The Devilish Details of the Interchange Settlement Proposal: What’s a Merchant to Do?
By D.J. Murphy, Editor-in-Chief
The settlement proposal in July between Visa, MasterCard and several top credit-card issuers and the class of merchant plaintiffs that sued them over credit-card interchange fees initially was hailed as a compromise that would end a long-running battle over fees most merchants feel are excessive and set in violation of antitrust law. Merchant opposition, however, has mounted in subsequent weeks and an Oct. 19 deadline now looms for merchants in the class (or, rather, classes—more on this later) to decide if they want to officially notify the court they object to the proposal.
Should retailers take the money and run or should they reject the proposal? And if they oppose the settlement, how should they proceed? The answer will be different for different merchants, but details of the settlement proposal that have not received much visibility are important for merchants to know if they are to stake out an informed position.
Initial media reports focused mainly on the size of the total payout and merchants’ ability under the proposal to surcharge customers who pay with a MasterCard or Visa credit card. Opposition to the proposal has coalesced mainly around the release of the defendants from any future legal action, but there are other concerns—and opportunities—for merchants contained in the settlement.
What Merchants Get
The total payout of $7.25 billion actually comprises two payouts: the cash settlement of $6.05 billion and $1.2 billion accounting for the estimated value of the temporary 8-month interchange reduction (so, instead of seeing the 10-basis-point reduction called for in the settlement on a transaction-by-transaction basis, merchants will get a separate lump sum added to their payout).
The settlement grants merchants the right to surcharge their customers on purchases made with credit cards, which the networks previously had prohibited. In addition, it provides for merchants to negotiate interchange rates directly and collectively (subject to Department of Justice rules on competitor collaboration) with the networks.
In the coming weeks and months there are three things merchants can do, depending on how they view the proposal. If they support the proposal, do nothing. Merchants that take no action and have accepted MasterCard or Visa payments between Jan. 1, 2004 and the settlement preliminary approval date (estimated to be early to mid 2013, according to court documents) are entitled to a share of the payout.
Merchants that oppose the settlement to varying degrees can do two things. They can register an official objection to the settlement proposal with the court and/or they can opt out of a portion of the settlement.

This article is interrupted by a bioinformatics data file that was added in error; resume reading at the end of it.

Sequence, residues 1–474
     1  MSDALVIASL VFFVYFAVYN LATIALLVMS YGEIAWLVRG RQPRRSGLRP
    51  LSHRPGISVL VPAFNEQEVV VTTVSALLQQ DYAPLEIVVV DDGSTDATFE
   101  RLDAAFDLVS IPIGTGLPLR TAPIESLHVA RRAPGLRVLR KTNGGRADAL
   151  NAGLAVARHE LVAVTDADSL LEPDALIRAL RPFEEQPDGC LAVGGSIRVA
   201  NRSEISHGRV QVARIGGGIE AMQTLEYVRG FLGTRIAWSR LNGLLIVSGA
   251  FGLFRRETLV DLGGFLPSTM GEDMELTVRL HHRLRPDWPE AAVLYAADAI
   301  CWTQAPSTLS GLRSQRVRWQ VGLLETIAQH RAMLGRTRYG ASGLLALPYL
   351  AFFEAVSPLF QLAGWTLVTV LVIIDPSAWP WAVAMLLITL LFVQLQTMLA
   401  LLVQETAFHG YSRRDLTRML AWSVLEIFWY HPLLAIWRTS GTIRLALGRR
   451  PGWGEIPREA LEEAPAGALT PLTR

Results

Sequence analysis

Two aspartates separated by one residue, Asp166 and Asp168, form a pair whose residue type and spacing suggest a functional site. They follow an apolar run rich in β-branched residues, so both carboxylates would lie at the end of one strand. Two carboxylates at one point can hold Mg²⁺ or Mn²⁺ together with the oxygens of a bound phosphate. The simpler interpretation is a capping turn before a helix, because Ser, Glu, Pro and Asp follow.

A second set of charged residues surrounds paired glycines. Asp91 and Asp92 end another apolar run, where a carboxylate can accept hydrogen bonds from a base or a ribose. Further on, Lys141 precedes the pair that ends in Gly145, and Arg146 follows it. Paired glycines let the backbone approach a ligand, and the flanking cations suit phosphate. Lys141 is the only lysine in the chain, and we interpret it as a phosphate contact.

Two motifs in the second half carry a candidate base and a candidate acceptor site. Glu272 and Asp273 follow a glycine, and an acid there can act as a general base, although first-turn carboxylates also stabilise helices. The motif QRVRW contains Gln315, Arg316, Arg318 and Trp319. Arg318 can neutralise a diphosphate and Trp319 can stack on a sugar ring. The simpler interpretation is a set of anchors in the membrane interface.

How Much? And When?
Before deciding to accept, object and/or opt out, there are several pieces of information about the settlement they need to know. Unfortunately, the most important is the least clear: how much would each merchant get?
“I don’t think anybody has the faintest idea of what they’re entitled to,” says John Sullivan, partner with Fishkill, N.Y.-based payments consultancy Paul Larsen Consulting. “$7 billion sounds like a lot, but when you divide it by hundreds of thousands of merchants from the largest to the smallest, your individual share—if you’re not Walmart or Amazon.com—is probably going to be fairly small.”
When they can expect to be paid under the settlement also should be considered, according to Sullivan.
“The smaller merchants that might get a check for $5,000 if this goes through are saying ‘send it today, I need it,’” he says.
But the timeline for the two payments (the cash settlement and the interchange reduction) may stretch out longer than many merchants would like. Based on a hearing schedule noted in court documents and procedure that must be followed to gain approval, the earliest funds would be available to merchants would be approximately two years from now and it could be much longer.
“The $6.05 billion payment will be paid by Visa, MasterCard and the banks into an escrow account 10 days after the preliminary approval date [in early-to-mid 2013],” according to Rene Pelegero, president and managing director of Seattle-area consultant Retail Payments Global Consulting Group. “However, those funds won’t be paid out until the final settlement date, which could be in 2015.”
Class in Session
For the large merchants and merchant groups that have opposed the settlement publicly, the main issue has been that merchants give up the right to take any future legal action related to interchange rules, fees or rates.